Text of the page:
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How do the Nashville Predators do it?  That’s a rhetorical question because the NHL franchise’s success to fill a big building is well documented.  I took in last night’s game with a dear friend and I just marveled that the place was filled to the rafters on a Thursday night in March.  This friend and I had season tickets next to each other the inaugural season (1997-98).  As luck would have it, we were blessed to have Sheila Crisp (wife of Predators broadcaster Terry Crisp) sitting next to us.  What a hoot.  My buddy is a transplanted Ranger fan and I felt a civic duty to buy season tickets.  Never in my wildest dreams did I think the NHL would stick in Nashville for 20 years.  Ten years ago, we all know how perilously close the team was to moving to southern Ontario.  (Where have you gone  Jim Balsillie?  Second thought, who cares.)  Privately, some Predators officials were gnashing their teeth (get it? Gnash-ing) over the Titans honeymoon and were perplexed why the hockey team didn’t get equal love.  My response was, “Until they put laces on a puck, this is football country.”  That was then.  This is now.  Now, the Predators organic relationship with their fans is the envy of many NHL cities.  I couldn’t have been more wrong and glad to admit it.  Take a bow Predators.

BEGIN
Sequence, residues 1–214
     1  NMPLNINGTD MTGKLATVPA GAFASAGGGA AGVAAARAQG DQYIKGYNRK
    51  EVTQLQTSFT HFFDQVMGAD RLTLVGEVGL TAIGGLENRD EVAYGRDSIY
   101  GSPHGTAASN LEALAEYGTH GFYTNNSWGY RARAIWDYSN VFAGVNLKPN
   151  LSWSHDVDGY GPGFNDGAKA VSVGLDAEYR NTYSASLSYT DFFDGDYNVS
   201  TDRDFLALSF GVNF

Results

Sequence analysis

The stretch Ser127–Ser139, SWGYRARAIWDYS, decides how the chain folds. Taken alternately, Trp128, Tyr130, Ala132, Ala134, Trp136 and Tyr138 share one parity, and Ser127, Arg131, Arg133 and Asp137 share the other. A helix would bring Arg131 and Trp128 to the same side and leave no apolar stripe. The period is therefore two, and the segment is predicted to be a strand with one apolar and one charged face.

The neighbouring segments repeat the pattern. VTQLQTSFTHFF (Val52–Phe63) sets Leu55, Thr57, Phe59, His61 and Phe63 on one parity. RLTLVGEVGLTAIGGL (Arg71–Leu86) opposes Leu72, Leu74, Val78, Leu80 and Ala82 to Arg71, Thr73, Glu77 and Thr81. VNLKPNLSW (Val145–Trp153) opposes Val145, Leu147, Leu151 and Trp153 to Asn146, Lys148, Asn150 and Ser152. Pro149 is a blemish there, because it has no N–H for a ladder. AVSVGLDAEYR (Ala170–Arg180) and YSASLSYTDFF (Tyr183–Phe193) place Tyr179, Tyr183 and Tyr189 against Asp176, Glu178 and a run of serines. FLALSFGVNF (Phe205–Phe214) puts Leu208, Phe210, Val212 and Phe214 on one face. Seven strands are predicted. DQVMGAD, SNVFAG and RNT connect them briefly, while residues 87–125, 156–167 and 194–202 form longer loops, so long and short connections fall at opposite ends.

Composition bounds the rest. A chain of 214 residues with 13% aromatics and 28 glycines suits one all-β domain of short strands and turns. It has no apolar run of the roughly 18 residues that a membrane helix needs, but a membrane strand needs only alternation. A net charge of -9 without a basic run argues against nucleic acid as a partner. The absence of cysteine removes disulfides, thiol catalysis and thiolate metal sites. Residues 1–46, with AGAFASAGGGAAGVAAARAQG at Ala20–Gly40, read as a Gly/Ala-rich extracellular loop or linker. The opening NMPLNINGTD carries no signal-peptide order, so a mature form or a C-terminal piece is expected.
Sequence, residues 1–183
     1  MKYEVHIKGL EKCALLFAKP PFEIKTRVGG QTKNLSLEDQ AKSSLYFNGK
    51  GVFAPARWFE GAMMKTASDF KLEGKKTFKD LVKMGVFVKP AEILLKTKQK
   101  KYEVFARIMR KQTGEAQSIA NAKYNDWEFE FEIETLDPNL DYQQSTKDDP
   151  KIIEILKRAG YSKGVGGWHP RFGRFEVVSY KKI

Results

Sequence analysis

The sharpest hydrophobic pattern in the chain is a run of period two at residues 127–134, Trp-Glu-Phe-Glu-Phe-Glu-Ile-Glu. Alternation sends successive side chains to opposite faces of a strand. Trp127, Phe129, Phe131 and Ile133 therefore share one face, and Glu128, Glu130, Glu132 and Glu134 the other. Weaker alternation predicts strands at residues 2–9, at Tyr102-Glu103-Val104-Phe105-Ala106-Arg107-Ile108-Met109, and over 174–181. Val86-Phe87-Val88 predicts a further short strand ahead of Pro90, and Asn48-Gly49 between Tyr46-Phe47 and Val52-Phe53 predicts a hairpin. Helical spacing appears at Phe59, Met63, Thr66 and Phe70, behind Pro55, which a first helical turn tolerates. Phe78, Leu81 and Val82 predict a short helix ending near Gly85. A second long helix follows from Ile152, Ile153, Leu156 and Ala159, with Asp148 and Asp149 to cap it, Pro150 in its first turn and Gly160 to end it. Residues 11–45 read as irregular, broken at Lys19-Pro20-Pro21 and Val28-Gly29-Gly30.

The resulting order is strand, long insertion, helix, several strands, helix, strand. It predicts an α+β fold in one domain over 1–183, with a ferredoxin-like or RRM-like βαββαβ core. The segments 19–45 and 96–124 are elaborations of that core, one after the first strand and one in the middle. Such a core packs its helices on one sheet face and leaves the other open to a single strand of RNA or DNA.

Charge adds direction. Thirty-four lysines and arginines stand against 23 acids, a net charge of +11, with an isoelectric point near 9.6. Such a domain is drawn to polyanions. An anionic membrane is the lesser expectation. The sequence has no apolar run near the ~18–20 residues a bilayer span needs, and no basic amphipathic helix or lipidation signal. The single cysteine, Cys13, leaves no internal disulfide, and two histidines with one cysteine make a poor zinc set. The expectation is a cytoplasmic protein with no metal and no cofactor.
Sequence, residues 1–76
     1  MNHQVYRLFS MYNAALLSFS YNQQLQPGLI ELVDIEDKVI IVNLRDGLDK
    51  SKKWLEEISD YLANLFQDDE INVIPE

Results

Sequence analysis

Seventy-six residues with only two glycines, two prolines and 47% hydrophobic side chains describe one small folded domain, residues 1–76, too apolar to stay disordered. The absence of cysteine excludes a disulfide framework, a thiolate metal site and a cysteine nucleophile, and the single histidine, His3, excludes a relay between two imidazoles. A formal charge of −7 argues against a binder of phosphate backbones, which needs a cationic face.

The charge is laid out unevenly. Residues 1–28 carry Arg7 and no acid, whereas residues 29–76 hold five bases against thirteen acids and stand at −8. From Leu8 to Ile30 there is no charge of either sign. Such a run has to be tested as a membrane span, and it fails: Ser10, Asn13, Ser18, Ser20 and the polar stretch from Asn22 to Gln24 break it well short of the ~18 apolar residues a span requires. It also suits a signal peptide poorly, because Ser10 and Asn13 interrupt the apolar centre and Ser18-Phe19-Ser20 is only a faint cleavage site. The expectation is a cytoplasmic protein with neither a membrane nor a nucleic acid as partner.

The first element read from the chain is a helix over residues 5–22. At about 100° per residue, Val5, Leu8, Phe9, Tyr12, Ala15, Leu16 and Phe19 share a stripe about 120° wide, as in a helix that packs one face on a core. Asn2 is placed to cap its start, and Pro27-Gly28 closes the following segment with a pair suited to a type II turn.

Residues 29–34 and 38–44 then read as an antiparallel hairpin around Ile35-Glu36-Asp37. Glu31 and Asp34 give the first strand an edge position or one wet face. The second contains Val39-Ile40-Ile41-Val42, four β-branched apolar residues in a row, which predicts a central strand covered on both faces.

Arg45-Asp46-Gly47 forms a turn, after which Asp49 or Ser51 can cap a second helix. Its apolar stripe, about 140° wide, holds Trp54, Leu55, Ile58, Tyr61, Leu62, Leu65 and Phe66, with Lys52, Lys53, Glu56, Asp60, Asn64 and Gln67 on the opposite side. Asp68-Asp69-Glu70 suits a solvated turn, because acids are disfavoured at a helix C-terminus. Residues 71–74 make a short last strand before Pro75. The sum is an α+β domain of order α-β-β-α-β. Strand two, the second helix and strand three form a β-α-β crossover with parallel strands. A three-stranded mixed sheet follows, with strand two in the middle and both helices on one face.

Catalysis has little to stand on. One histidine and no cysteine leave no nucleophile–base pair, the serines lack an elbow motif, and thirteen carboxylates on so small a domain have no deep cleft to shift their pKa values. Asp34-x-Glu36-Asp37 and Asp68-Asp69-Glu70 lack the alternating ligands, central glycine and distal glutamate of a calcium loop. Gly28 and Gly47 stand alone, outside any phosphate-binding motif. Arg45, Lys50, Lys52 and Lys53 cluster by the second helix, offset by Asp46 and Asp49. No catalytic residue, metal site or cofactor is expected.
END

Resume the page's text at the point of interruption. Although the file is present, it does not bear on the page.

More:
Have a great and safe weekend.

By | 2017-03-31T16:12:42+00:00 March 31st, 2017|Professional Relationships, Random Thoughts|0 Comments

About the Author:

Call it John Dwyer 2.0
After 29 years as a TV Broadcaster, Dwyer is President & CEO of Jobs for Tennessee Graduates (JTG). JTG, an affiliate of Jobs for America’s Graduates (JAG), is a non-profit organization dedicated to stewarding at-risk high school students toward graduation with follow through toward post-secondary education and/or job opportunities. Associated with JAG since 1981, JTG consistently obtains a graduation rate above 90-percent with a full-time job rate at nearly 70-percent. The most vulnerable, socioeconomically challenged young men and women, graduate with self-esteem with the realization and skill set to achieve success after high school. Does it get much better than that?

Dwyer, is a resident of the Nashville area since 1996. He was sports director and/or a news anchor at TV stations in Nashville, Jacksonville, Florida; Ft. Myers, FL and his hometown of South Bend, Indiana. He is a 10-time Mid-South Region Emmy Award winner, along with winning numerous other awards. He is also a former Heisman Trophy voter.

John is a 1985 graduate of Butler University, where he majored in Radio/TV while minoring in journalism.

An avid running (or “plodder” as he likes to call himself), Dwyer runs in Nashville’s annual marathon. (Current tally: 7 Full, 10 Half). He accomplished a goal, once thought out of reach, be qualifying and running in the Boston Marathon in 2009.

Married to Lynley, Dwyer resides in East Nashville with his wife and dog Lola.

Dwyer served on the Make-A-Wish Middle Tennessee board from 2006-2012, and was board chairman for three years.